We’ll never forget Beyoncé‘s astonishing loss to Adele at this year’s Grammy Awards – or Adele’s reaction, for that matter. But why is it that Lemonade took an L in its face-off against 25?
Though the Grammys have definitely made an effort to be more “culturally relevant,” as Kanye West would put it, when it comes to the biggest awards of the night, their efforts still fall short in the way of the Academy recognizing Black superstars who’ve delivered not only their best works, but works that double as some of the most intricate, polarizing albums the world has seen to date.
According to Recording Academy chairman/CEO Neil Portnow, there’s not been much change due to the lack of participation in the voting process. While talking to Billboard, he downplayed any “racial bias” and says the winners are a reflection of “personal taste.” Hmm…
“You don’t get to this point without a diverse and relevant voting membership,” Portnow tells Billboard, citing a new requalification requirement (which comes with membership renewals) as one initiative designed to keep the constituency relevant: “Unless you’re currently making music as a full-time vocation, you may not requalify as a voting member.”
And while Portnow downplays any suggestion of racial bias in the academy’s one-vote-per-member constituency — “It’s more about personal taste, so it’s hard for me to criticize when we see no basis that [the results] are about anything other than music, and certainly not race” — he does concede that while “we’ve come a long way as an organization, we’re certainly not complacent or satisfied with where we are — but we also need the participation of the communities to do more. That’s how democracy works.”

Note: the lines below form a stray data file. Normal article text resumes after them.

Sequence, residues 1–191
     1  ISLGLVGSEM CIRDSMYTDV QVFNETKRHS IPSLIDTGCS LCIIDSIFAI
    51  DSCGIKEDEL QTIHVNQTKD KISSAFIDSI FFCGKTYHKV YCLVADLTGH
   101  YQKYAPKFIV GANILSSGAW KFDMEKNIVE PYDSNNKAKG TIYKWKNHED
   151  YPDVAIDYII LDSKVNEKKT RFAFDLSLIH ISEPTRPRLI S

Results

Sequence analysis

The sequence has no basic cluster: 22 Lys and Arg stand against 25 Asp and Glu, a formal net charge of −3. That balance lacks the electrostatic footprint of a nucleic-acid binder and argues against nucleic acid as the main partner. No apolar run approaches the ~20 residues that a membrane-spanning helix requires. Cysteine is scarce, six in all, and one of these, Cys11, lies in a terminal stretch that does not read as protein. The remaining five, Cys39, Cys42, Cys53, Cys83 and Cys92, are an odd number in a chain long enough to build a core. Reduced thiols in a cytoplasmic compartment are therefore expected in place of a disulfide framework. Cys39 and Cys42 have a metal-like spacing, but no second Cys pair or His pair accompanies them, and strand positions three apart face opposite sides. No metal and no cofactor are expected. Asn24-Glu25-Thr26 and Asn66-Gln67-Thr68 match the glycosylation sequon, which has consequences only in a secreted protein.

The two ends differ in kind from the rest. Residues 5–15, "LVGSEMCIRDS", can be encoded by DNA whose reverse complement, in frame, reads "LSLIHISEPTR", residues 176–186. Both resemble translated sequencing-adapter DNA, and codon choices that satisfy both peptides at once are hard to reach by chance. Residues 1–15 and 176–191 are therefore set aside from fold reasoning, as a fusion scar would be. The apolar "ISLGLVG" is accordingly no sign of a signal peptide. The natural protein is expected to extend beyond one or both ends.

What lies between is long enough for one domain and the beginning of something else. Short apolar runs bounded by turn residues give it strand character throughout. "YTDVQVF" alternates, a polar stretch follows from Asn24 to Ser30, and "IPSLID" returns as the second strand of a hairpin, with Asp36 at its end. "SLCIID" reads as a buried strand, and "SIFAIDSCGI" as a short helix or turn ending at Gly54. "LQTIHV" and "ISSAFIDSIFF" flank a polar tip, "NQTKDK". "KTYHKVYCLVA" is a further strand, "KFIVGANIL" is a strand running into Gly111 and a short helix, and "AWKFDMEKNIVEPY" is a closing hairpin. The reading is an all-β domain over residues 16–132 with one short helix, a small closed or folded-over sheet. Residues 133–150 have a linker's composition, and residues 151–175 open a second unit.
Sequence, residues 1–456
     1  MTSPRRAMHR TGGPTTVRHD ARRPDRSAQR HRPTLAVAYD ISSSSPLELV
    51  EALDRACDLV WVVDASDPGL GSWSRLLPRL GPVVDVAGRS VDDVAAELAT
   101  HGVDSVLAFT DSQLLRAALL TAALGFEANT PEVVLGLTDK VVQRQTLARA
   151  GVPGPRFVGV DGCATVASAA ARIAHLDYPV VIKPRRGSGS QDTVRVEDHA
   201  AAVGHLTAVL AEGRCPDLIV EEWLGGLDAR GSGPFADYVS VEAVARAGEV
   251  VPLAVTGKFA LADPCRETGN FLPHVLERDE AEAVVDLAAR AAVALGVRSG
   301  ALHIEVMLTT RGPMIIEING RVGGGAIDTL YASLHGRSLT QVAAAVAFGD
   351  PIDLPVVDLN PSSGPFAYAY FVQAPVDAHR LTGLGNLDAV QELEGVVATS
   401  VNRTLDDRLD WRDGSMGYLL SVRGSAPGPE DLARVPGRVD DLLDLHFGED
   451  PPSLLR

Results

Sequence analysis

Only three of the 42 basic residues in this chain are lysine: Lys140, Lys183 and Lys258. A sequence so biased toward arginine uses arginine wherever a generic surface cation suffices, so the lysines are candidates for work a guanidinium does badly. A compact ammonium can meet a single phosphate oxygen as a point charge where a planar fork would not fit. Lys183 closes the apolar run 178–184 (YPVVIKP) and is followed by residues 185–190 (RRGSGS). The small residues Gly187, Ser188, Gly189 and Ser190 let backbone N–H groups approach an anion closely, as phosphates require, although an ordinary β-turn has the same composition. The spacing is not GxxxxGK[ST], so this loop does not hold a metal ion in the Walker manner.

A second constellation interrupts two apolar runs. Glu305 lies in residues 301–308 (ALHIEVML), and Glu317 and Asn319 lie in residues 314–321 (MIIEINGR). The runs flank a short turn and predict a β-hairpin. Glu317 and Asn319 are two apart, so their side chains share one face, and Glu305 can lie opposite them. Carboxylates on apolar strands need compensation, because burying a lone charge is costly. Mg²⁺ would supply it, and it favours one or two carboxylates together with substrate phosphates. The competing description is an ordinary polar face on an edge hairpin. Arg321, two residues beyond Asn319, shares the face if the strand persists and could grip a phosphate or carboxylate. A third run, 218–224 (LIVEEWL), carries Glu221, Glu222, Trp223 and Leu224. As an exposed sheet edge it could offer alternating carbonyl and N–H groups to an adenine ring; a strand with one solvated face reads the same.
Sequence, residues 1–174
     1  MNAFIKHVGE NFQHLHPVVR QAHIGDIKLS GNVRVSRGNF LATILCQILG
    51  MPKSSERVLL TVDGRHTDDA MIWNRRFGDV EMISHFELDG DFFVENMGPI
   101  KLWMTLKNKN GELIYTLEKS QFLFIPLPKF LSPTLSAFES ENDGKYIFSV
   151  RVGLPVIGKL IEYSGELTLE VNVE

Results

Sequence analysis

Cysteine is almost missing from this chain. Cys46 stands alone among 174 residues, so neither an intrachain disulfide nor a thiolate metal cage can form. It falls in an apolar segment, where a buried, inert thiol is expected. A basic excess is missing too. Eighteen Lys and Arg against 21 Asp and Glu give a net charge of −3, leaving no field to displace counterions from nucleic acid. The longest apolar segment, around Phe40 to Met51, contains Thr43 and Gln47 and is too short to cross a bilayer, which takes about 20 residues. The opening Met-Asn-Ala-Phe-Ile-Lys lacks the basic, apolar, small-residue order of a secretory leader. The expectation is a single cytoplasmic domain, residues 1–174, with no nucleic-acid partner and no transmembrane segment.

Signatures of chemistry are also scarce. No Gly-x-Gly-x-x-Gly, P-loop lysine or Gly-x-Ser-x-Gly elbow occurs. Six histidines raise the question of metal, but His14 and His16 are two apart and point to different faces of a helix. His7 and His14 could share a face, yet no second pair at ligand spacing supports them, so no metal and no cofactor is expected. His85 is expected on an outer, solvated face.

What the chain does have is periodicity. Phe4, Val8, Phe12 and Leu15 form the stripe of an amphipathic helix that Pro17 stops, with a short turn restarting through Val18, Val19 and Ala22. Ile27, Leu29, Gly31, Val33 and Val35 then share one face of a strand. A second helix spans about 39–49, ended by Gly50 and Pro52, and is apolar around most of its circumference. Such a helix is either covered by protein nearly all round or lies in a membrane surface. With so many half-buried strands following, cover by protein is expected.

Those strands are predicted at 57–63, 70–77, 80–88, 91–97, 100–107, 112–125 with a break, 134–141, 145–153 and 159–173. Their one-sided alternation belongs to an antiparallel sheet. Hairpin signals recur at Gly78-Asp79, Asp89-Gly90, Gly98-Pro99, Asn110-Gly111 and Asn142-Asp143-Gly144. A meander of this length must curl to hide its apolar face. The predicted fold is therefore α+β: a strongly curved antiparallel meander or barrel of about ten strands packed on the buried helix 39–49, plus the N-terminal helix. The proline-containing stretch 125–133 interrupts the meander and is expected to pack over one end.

Indeed, “most of the people complaining are motherf—ers who don’t vote!” says artist-producer Terrace Martin, a 2017 nominee (for best R&B album) and a Grammy voter. “When I go to Recording Academy events, I’m the only one there with tattoos on my neck. I’m trying to get my friends to vote. Everybody acts like they don’t give a f— about the Grammys — until the Grammys come around.” Martin says he became a voting member after Lamar’s 2012 album good kid, m.A.A.d city, to which he contributed, lost album of the year — which is the kind of initiative the academy wants to encourage. “[Some of] the comments I’ve seen come from not understanding at all how this works,” says Portnow. “It’s one thing to be a critic, and another to join and vote and be part of the change that you want to see.”
As you’ll recall, Beck beat Beyoncé for Album of the Year in 2015 and then in 2016, Taylor Swift’s 1989 beat out Kendrick Lamar‘s To Pimp A Butterfly.
Billboard reports: The voters of The Recording Academy appear to have a problem with hip-hop, a situation that has created a widening racial gap between critical consensus and Grammy winners in the big four categories: best new artist, record of the year, song of the year and album of the year. In the lattermost category, only two rap-related albums (The Miseducation of Lauryn Hill and OutKast’s Speakerboxxx/The Love Below) have won in the genre’s 40-year history. Since 2000, black artists have won album of the year just three times — OutKast in 2004, Ray Charles (posthumously) in 2005 and Herbie Hancock for his Joni Mitchell tribute in 2008 — even though a black artist or group with black members have been nominated every year except two. In The Village Voice’s Pazz & Jop poll — a leading survey for music critics — the top albums in four of the last five years were made by black artists. (The exception, David Bowie’s Blackstar, beat Lemonade by the equivalent of about 10 votes.)
Portnow’s answer to it all? “I understand that people might feel left out. But it’s really simple: Participate and vote, and then you’re part of the conversation. Not only do we encourage and welcome that,” he concludes, “we need it,” Billboard writes.